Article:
Personality, Individual Differences, and Behavior Genetics (PIB)
The Personality, Individual Differences, and Behavior Genetics (PIB) graduate program aims to train behavioral scientists interested in understanding the nature, origins, and consequences of individual differences in behavior. Graduates of the program typically take positions in academia or at applied research institutes. The PIB program reflects the long tradition of personality, individual differences, and behavioral genetic research at the University.
A wide range of individual differences constructs is considered within the program, including:
- cognitive abilities
- expressive and social behavior
- psychological interests
- social attitudes
- academic achievement
- mental disorders
The individual differences component of the program emphasizes broad training in the methods and findings of individual differences psychology.
The personality component of the program emphasizes methods of personality measurement and assessment, the nature and origins of individual differences in personality, and the impact of personality on a broad array of important real-life outcomes. These include social functioning, work performance, and psychological illness.
The behavioral genetic component of the program emphasizes the use of behavioral genetic methodology to characterize the interplay of genetic and environmental factors in the development of individual differences.
Throughout, the importance of individual differences in both applied and basic research settings is stressed. Individual difference methodology and findings have broad implications for a wide range of researchers, including:
- cognitive psychologists
- clinical psychologists
- evolutionary psychologists
- counseling psychologists
- social psychologists
- educational psychologists
- industrial/organizational psychologists
- public policy, forensics, and animal researchers
As a PIB student, you will complete a core set of courses and seminars that reflect the shared content and methodology of the field, including courses in quantitative methods, research methodology, and psychological assessment. These will provide the foundation you will need to undertake psychological research. In addition, you will select from a list of courses related to personality, individual differences, and behavioral genetics. You will also design an individualized course of instruction in consultation with your advisor—for example, involving courses that cover assessment, nature, and real-world consequences of individual differences in personality, cognitive ability, and other types of individual differences, or training in molecular and quantitative genetic approaches. For specific curriculum requirements to the PIB program, please visit the Graduate Education Catalog: Psychology.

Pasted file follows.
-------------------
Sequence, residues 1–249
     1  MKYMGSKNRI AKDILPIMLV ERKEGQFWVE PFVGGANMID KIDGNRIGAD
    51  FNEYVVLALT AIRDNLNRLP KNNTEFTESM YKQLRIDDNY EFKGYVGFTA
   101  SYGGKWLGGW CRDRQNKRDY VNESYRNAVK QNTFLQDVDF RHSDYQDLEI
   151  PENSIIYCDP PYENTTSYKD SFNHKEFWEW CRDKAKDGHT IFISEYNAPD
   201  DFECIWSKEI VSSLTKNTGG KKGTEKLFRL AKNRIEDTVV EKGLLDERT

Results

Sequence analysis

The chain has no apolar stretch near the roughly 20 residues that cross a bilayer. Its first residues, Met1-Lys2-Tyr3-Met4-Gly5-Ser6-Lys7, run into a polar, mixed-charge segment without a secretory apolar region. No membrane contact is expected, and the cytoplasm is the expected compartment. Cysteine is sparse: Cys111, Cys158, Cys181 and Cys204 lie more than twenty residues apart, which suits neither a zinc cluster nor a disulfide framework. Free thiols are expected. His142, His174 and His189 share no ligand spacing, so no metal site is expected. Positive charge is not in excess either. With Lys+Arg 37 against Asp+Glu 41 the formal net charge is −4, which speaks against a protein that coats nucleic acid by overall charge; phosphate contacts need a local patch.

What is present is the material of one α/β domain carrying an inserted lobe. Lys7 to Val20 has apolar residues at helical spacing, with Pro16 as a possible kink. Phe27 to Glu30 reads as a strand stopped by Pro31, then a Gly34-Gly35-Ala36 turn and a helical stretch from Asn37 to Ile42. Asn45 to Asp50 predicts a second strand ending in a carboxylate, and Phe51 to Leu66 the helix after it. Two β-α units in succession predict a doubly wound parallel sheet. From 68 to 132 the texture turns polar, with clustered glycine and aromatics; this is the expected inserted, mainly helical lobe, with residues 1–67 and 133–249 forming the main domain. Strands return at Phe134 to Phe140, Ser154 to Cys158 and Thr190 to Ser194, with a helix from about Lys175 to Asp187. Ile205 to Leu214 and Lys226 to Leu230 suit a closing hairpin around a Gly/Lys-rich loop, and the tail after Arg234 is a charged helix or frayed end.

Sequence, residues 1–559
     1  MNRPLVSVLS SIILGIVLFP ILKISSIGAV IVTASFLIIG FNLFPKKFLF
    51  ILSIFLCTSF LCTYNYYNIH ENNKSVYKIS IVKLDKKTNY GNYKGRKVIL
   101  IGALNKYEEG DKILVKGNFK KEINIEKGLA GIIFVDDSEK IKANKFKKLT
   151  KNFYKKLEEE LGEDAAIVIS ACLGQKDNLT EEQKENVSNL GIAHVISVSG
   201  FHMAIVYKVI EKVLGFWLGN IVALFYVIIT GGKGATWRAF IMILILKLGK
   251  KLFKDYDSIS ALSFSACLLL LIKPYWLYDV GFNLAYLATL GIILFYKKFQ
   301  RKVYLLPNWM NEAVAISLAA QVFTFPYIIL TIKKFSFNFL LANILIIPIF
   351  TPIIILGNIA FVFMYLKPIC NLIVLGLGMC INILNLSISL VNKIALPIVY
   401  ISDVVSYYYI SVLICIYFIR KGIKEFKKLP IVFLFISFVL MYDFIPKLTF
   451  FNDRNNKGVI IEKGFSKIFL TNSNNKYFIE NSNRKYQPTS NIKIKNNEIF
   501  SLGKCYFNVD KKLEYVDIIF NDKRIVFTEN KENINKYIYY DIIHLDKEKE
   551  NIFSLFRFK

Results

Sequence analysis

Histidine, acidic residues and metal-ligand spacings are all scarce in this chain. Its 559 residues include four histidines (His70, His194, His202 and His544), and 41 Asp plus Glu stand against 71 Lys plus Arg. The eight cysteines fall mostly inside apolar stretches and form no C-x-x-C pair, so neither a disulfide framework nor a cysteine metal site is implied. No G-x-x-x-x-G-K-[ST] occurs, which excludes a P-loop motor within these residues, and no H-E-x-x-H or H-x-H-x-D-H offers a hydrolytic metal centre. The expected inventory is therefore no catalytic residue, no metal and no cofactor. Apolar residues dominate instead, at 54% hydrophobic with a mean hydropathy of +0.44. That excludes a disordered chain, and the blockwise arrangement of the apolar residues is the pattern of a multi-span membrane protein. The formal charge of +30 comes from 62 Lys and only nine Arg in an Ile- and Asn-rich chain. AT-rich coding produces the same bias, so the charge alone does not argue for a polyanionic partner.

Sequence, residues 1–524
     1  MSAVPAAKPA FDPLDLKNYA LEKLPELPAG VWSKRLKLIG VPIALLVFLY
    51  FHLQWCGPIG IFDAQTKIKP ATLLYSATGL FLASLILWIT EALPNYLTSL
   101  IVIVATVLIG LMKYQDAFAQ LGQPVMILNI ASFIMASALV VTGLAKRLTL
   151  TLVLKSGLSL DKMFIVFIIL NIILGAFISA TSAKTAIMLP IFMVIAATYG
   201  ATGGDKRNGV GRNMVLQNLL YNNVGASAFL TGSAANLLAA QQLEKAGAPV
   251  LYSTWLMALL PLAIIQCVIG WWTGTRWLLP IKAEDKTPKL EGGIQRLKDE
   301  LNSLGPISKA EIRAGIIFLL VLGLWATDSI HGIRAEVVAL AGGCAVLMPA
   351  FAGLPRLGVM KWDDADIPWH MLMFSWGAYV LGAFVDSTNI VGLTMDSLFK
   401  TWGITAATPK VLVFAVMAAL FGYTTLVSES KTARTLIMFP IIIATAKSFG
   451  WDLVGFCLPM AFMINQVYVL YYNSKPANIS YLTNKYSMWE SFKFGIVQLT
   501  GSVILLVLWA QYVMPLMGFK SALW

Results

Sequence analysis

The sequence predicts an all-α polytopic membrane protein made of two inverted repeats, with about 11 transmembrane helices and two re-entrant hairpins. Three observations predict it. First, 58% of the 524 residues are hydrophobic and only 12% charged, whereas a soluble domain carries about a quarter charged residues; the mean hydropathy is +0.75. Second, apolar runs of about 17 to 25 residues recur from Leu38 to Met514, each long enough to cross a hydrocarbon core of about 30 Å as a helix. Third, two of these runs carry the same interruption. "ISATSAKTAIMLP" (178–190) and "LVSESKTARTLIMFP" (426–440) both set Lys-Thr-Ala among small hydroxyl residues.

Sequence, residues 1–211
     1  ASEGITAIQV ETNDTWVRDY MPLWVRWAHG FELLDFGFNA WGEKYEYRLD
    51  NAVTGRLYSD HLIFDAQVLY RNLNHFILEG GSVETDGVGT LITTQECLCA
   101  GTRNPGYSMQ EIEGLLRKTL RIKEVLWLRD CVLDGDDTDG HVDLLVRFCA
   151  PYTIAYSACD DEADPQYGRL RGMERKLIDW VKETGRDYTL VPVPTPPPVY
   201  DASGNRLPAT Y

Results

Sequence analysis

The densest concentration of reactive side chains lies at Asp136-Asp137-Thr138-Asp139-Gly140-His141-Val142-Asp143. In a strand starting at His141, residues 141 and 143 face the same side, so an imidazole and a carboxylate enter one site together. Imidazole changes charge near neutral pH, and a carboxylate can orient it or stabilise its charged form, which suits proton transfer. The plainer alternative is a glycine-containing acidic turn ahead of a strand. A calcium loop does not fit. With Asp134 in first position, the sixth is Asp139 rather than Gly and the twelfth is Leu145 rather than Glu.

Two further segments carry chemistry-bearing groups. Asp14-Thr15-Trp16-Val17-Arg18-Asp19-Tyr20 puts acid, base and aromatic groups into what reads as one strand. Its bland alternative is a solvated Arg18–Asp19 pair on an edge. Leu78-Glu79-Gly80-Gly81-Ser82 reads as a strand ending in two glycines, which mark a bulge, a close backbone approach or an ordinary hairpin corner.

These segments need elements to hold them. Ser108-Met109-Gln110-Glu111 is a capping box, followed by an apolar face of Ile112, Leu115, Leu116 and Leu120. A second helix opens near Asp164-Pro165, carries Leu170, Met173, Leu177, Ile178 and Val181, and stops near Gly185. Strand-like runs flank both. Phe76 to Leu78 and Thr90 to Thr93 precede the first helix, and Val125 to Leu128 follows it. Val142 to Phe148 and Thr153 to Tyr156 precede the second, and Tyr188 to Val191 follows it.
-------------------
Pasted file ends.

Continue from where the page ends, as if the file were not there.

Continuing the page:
You will be required to actively engage in research throughout your graduate career. Student research is undertaken in collaboration with the graduate advisor and should increasingly reflect your interests and long-term career goals as you progress through the program. In your first year, you must complete a research project that typically results in a presentation at a professional conference and a submission of a manuscript for publication. In your second year, you will undertake a second research project that typically serves as a masters' thesis. By your third year, you will begin to develop a program of research that will serve as the basis for your doctoral dissertation. Throughout their time in the program, students are encouraged to collaborate with students and faculty in related areas including Clinical, Social, Industrial/Organizational, Counseling, and Quantitative Psychology.
The Department of Psychology offers a variety of funding opportunities to graduate students—including assistantships, fellowships, and a training program supported by a T32 grant from the National Institutes of Health.
Inclusion and Diversity
The Personality, Individual Differences, and Behavior Genetics program strongly supports inclusion and diversity and encourages applications from individuals underrepresented in psychology, including individuals from underrepresented racial and ethnic groups, those with disabilities, and those from disadvantaged backgrounds. To learn more please see the department's page on diversity and inclusion.
Thomas Brothen, Morse-Alumni Distinguished Professor of Psychology
Juan Del Toro, Assistant Professor
Colin DeYoung, Area Director and Associate Professor
James Lee, Associate Professor
Matthew McGue, Regents Professor
Moin Syed, Associate Professor
Affiliated Advising Faculty
Christopher Federico, Professor of Psychology and Political Science
William G. Iacono, Regents Professor and Distinguished McKnight University Professor
Bob Krueger, Hathaway Distinguished Professor and Distinguished McKnight University Professor
Nathan Kuncel, Professor
Richard M. Lee, Distinguished McKnight University Professor
Angus MacDonald, Distinguished McKnight University Professor
Deniz Ones, Distinguished McKnight University Professor
Paul Sackett, Richard Fink Distinguished Professor
Jeffry A. Simpson, Distinguished University Teaching Professor
Mark Snyder, McKnight Presidential Chair in Psychology
Iris Vilares, Assistant Professor
Scott Vrieze, Associate Professor and McKnight Land-Grant Professor
Niels Waller, Professor